- Posted by Mary's Advocates
- On March 20, 2019
- Scholarly Resource
MAY A CATHOLIC SEEK A CIVIL DIVORCE
A. When His Marriage is Null or is Already Dissolved
The question now arises whether, in view of the position of the Church on this matter, and in view of the direct prohibition of the Third Council of Baltimore, it is ever licit for a Catholic to approach the civil courts seeking the dissolution of his marriage. It is certain that a Catholic is never permitted to approach the civil courts seeking the dissolution of his marriage without the permission of the Holy See or of the local Ordinary. But when may the local Ordinary grant this permission [220 . 220] to a Catholic? It is also certain that a local Ordinary may permit a Catholic to seek a civil divorce, after his marriage has been declared null by canonical process, or after the bond has been dissolved by the Holy See, or after the Ordinary has declared that the requirements of the Sacred Canons are present for the use of the Pauline Privilege, provided that the Ordinary in these cases makes it clear that he is permitting this merely to protect the property rights of the Catholic against a consort who is not really his spouse, (or who is no longer his spouse), or to assure civil recognition of any future marriage he may enter, or to avoid the danger of the Catholic being charged with bigamy under the civil law, if and when he enters another marriage which he now has the right to do.7 ” If it is possible to obtain a civil annulment in such cases, this, it would seem, is to be preferred, for, although the State is also incompetent to annul the marriage of baptized persons, the granting of an annulment does not have the stigma of an attempted violation of the Divine Law on the part of the State which the granting of a civil divorce entails. This would seem therefore to be the lesser of the two evils, and to be preferred when it can be obtained.
B. When the Bond of a Valid Marriage Still Binds
But when the bond of a valid marriage remains, may the local Ordinary ever grant permission to a Catholic to seek a civil divorce? This question has been a burning issue since the time of the Protestant Reformation, and particularly since the time of the French Revolution, when the modern states began to usurp the authority of the Church on this matter.79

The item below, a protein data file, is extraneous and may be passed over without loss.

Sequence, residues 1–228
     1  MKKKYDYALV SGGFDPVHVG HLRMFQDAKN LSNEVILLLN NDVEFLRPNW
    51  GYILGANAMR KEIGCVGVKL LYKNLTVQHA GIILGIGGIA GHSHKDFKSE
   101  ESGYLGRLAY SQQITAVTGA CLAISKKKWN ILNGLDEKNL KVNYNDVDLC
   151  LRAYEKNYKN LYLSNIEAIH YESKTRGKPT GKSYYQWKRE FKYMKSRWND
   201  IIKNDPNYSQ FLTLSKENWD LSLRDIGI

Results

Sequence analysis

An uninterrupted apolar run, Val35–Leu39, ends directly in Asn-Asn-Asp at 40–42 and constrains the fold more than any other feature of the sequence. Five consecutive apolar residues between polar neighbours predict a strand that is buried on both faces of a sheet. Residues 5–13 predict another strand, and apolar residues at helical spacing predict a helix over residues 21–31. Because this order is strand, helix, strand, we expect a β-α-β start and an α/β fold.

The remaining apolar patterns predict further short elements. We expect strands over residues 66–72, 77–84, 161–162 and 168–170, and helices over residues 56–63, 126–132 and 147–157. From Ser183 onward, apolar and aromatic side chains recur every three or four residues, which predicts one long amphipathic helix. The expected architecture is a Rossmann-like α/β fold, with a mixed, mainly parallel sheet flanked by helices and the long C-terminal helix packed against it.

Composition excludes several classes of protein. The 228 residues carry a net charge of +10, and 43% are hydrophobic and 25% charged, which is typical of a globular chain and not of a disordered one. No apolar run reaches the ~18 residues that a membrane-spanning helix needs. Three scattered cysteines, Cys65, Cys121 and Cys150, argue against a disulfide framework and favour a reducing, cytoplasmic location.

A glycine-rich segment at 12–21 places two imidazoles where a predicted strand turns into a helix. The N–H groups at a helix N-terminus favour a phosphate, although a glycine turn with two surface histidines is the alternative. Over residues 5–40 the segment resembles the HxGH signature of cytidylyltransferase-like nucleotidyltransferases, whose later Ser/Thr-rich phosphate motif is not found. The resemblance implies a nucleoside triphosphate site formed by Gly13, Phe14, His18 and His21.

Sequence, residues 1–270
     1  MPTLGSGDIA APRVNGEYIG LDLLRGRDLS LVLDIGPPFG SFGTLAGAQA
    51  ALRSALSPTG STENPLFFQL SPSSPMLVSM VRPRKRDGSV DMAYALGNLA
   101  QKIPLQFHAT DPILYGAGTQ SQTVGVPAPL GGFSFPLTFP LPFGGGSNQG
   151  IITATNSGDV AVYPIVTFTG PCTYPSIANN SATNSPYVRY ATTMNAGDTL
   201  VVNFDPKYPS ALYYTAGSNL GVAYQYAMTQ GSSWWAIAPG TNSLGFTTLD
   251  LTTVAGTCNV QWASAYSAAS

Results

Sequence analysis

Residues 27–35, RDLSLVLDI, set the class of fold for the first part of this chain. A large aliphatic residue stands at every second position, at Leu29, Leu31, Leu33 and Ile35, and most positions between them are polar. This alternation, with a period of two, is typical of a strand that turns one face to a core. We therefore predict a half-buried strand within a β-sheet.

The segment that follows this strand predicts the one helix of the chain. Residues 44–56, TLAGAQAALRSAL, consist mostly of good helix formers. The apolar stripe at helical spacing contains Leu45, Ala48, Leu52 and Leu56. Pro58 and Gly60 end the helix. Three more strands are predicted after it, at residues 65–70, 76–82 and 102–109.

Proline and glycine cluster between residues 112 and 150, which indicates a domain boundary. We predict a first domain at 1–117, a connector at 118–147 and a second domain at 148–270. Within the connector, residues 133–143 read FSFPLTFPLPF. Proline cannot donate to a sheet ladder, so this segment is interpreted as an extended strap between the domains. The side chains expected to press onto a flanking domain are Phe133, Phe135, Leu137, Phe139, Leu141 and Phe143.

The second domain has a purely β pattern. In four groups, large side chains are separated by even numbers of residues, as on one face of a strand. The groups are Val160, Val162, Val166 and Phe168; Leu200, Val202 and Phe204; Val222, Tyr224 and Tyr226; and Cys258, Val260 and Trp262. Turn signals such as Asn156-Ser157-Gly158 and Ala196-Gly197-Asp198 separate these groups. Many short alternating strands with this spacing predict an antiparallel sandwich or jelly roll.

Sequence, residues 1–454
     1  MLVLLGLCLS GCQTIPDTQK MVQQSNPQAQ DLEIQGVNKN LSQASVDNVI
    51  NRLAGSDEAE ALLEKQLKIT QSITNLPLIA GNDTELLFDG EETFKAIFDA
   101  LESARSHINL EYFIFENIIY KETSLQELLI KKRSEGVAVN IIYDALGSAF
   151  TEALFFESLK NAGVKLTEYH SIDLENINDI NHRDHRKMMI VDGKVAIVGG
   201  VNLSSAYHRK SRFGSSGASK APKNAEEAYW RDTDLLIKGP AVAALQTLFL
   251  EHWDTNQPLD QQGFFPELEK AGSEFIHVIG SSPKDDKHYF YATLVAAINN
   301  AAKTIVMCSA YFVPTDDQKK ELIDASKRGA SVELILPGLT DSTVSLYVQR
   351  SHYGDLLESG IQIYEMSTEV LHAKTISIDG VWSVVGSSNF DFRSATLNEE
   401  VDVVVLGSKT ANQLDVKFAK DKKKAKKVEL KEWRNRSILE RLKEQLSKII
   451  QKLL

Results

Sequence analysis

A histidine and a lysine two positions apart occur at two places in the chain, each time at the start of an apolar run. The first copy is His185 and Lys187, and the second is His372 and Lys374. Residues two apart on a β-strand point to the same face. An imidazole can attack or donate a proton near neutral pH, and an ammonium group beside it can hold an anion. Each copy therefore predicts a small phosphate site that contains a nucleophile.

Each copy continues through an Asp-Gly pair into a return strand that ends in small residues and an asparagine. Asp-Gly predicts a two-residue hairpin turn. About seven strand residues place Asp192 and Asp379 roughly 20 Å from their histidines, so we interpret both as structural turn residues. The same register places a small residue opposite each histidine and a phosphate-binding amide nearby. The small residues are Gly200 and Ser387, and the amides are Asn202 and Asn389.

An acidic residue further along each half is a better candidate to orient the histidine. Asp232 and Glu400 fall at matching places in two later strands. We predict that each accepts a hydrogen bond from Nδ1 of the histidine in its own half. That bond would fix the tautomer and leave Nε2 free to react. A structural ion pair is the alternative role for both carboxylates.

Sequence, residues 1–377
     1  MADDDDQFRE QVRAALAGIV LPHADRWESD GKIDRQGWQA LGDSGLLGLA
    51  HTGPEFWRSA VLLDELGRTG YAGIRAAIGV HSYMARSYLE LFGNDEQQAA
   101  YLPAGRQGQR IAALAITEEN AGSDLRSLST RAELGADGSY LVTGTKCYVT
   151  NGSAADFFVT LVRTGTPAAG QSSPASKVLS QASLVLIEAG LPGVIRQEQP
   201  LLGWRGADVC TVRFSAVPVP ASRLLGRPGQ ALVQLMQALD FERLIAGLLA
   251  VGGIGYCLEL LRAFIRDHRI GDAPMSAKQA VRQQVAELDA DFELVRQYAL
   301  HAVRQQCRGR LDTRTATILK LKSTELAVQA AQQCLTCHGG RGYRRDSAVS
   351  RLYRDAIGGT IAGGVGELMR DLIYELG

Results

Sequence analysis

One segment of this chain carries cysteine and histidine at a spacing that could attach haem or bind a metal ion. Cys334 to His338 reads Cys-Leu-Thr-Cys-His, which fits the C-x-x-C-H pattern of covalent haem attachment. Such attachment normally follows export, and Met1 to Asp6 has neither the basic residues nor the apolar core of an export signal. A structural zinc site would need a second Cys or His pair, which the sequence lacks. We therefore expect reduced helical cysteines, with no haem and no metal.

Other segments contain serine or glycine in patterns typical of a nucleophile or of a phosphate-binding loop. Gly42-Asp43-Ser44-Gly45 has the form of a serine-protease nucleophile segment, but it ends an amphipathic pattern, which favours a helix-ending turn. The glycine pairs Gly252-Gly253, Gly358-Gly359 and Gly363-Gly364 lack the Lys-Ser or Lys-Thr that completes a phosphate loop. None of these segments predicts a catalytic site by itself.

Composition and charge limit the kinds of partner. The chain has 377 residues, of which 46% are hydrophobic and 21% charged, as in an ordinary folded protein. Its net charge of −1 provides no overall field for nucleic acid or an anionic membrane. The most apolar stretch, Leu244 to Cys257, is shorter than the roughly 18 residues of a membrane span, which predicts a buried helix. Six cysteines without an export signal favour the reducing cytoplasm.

Particular Responses of the Holy See
Some of the older theologians and canonists held that the granting of a civil divorce was so evil in itself, and so devastating in its effects on the morals of the consorts, the families, and the states involved, that it was never licit for Catholics [ 221 . 221 ] to approach the civil courts for a civil divorce.80 Several of the Bishops of France and Belgium, at the latter part of the last century and during the early part of the present century, submitted cases to the Holy See requesting permission for Catholics to seek a civil divorce. In all these cases the Catholic petitioner had already been granted a permanent separation from his spouse because of the sole canonical reason for which such a separation is granted, namely, adultery. In all these cases, also, the Catholic petitioner had solemnly promised that he would never attempt another union while his true spouse still lived. In all these cases the reason given for seeking the permission was the protection of the civil rights of the Catholic. The first case was the case of a woman who sought a government position in order to earn her livelihood. The government of France at that time would not grant this position to the woman unless she were civilly divorced from her husband. The Sacred Penitentiary, on January 5th, 1887, replied:
“Mulieri poenitenti, in casu, nihil aliud esse consulendum, nisi ut a petendo divortio sub gravi se abstineat.”
Four years later, on January 14th, 1891, the Sacred Penitentiary refused to grant this permission to another woman who sought it “ad damna gravissima avertenda.” Another woman, who sought permission to obtain a civil divorce in order that she might provide for the temporal and religious education of her orphaned granddaughter, was told by the Sacred Penitentiary, on June 3rd, 1891:
“Petitam licentiam concedi non posse.”
Later a Catholic man sought this permission in order to prevent his adulterous wife from obtaining a portion of his property. On January 30th, 1892, the Sacred Penitentiary replied:
“Orator consulat probatos auctres.” 81 [ 222 . 222 ]
Finally a case was presented to the Supreme Sacred Congregation of the Holy Office in which the question was asked whether a woman could be permitted to seek a civil divorce “ob gravissimas causas? ” On August 6th, 1906, the Holy Office rdplied:
“Attentis peculiaribus circumstantiis in casu concurrentibus, permitti posse, dummodo mulier oratrix coram Ordinario vel eius delegato ac duobus testibus, etiam iureiurando, declaret se matrimoniale vinculum nullatenus abrimpere, sed tantummodo a civilis ritus oneribus exsolvi velle; remoto scandalo quo meliori iudicio Episcopi fieri potest.” 82
General Conclusions from Responses of the Holy See
According to Gasparri, the Sacred Penitentiary has accepted this norm and has followed it since 1906.3 1 have been unable to find any more recent pronouncement of the Holy See on this matter, although I know of one particular case in 1945 in which the Holy Office replied in the selfsame words as quoted above in the response of August 6th, 1906.
Taking these private responses of the Holy See as a guide and reading them in the light of the doctrinal and juridical position of the Church, we may conclude: